Georgia Arbor Day is Friday, February 16th and we have a week full activities leading up to this special day. Thanks to wonderful partners, we will have lots of FREE opportunities including: 20 copies of the Lorax book, 50+ arbor coloring books, 2 educational classes, and 900 tree seedlings. As a Tree City USA Community for 32 consecutive years, we encourage you participate and learn more about the importance of trees in our great state and nation.
Be sure to check to check out our 2018 Arbor Day Celebration webpage to learn more about each of the activities that will be going on between February 12-16th.
In 1993, the United Nations declared March 22 World Water Day. The purpose of this special day is to bring awareness to water related topics including: water supply, shortages, and sanitation problems. Each year there is a theme and for 2018 it is “Nature for Water.” Nature is just one way to help overcome the many water challenges that can effect communities from floods, drought, and pollution, which can all be made worse through the degradation of vegetation and soil. One way to help is to plant trees to tame stormwater. By planting trees and other vegetation, this can help increase the absorption rate of rainfall, reduce soil erosion and so much more. For additional information, please visit Trees Tame Stormwater and World Water Day.
“Each generation takes the earth as trustees.” J. Sterling Morton
The last Friday in April is National Arbor Day and was officially celebrated in Nebraska in 1872. The idea came about as the pioneer Julious Sterling Morton from Detroit moved into the Nebraska Territory. He and his family loved nature and quickly began planting trees, shrubs and flowers. As a journalist and editor of the first newspaper in Nebraska, Morton was able to share his agricultural knowledge, environmental stewardship, and the interrelatedness of life and encouraged everyone to plant trees. His message and insight was well received by others who missed the trees and their many benefits such as windbreaks, fuel, building materials, and shade from the hot sun. On the first Arbor Day, more than one million trees were planted in Nebraska. Shortly after that, other states passed legislation to observe Arbor Day and today it is celebrated in all fifty states annually. Be sure to check out these helpful links to learn about each of the state trees, Arbor Day, and more:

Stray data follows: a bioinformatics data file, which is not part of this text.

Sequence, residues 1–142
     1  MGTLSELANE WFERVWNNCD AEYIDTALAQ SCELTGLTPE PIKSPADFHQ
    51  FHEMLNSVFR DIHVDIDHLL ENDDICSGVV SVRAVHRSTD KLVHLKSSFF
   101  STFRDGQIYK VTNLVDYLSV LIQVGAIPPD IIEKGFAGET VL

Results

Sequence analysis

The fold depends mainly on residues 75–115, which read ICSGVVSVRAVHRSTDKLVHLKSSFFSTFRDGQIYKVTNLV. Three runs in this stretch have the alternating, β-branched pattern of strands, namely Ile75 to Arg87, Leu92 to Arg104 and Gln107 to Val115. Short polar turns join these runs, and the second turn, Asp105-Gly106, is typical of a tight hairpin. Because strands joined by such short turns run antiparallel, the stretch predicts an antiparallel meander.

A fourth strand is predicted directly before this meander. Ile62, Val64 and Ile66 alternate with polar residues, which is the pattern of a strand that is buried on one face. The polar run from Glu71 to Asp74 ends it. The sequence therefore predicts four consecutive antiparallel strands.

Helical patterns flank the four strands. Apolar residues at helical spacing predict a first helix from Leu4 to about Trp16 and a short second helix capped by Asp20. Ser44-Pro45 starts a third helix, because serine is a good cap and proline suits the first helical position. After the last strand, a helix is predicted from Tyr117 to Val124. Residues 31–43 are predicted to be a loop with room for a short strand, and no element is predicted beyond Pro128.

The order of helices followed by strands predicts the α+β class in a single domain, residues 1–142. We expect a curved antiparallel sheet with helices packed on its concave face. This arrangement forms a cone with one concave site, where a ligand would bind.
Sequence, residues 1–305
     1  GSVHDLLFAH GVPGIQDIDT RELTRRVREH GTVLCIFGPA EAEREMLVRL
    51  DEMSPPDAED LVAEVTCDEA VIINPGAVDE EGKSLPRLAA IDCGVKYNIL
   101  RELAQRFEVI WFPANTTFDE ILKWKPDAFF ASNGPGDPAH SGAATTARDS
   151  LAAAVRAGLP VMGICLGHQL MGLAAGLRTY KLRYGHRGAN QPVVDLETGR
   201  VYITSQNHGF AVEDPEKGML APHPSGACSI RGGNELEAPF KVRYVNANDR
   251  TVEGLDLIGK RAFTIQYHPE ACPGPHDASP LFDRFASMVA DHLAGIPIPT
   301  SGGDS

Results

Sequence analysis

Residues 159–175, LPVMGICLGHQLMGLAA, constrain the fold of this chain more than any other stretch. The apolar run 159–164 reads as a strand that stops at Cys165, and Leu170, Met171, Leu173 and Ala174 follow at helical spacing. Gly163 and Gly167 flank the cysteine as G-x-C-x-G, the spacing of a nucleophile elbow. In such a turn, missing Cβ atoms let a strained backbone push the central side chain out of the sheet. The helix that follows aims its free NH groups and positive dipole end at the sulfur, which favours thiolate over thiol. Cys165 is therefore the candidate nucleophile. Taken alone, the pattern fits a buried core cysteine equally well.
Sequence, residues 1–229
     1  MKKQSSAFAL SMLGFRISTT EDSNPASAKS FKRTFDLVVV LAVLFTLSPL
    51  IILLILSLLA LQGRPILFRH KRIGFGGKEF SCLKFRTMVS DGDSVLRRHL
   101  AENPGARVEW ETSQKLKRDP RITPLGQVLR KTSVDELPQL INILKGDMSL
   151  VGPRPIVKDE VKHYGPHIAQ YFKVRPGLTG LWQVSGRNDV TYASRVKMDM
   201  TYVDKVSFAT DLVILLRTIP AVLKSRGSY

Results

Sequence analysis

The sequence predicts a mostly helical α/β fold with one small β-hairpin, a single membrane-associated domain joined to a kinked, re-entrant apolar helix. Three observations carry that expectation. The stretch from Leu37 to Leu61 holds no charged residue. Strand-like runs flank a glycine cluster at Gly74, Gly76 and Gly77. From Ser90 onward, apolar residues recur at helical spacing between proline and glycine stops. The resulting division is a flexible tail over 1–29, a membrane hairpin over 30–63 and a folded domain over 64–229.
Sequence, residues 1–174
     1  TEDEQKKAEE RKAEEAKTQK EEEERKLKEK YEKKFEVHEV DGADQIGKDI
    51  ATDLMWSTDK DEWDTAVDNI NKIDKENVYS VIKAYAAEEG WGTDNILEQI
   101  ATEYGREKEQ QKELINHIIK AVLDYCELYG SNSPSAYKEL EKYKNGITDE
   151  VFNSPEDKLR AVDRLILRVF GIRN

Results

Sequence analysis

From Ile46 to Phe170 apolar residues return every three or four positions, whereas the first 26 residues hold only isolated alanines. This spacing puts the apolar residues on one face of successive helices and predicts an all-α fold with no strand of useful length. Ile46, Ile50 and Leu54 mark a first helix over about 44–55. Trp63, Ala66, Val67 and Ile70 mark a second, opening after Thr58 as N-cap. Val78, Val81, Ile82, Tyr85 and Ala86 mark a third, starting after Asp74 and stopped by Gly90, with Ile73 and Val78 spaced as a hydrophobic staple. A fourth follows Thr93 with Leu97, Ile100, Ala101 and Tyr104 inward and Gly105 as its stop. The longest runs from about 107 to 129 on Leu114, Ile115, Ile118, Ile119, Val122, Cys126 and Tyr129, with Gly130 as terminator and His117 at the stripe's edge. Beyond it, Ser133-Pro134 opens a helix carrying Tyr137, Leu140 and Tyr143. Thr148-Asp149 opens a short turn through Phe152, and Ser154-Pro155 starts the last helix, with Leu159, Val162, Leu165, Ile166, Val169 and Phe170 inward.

As the school year nears the end and summer adventure plans are underway, here are a few interesting facts about Georgia that include trees and the great outdoors!
- State Tree: The official state tree of Georgia is the live oak (Quercus virginiana). This evergreen forms a broad and massive tree that grows 40 to 50 feet tall with a short trunk that is often 3 to 4 feet in diameter. It is one of the more majestic trees in the south and known for Spanish moss hanging from its branches.
- Largest Swamp: The Okefenokee in south Georgia is the largest “blackwater” swamp in North America.
- Natural Forest: Marshall Forest on the outskirts of Rome, Georgia is the only natural forest located within city limits of any city in the United States.
- Big Campus: Berry College near Rome, Georgia has the largest contiguous campus in the world with an area of about 27,000 acres.
- Natural Wonders: Georgia has seven official natural wonders, which are Amicalola Falls, Okefenokee Swamp, Providence Canyon, Radium Springs, Stone Mountain, Tallulah Gorge and Warm Springs.
The benefits of trees and landscapes are endless and can be tied to improved social interactions, increased economic value, reduced stress, and improved working and learning environments. This is exciting news, but not everyone has a large yard or access to community parks to enjoy these benefits daily. A small scale option to consider is growing herbs indoors on a window ledge such as rosemary, basil, lemon balm and mint. These fragrant herbs thrive with lots of light and can even be used for cooking. If you are feeling more advanced check out Window Farming: A Do-It-Yourself Veggie Venture.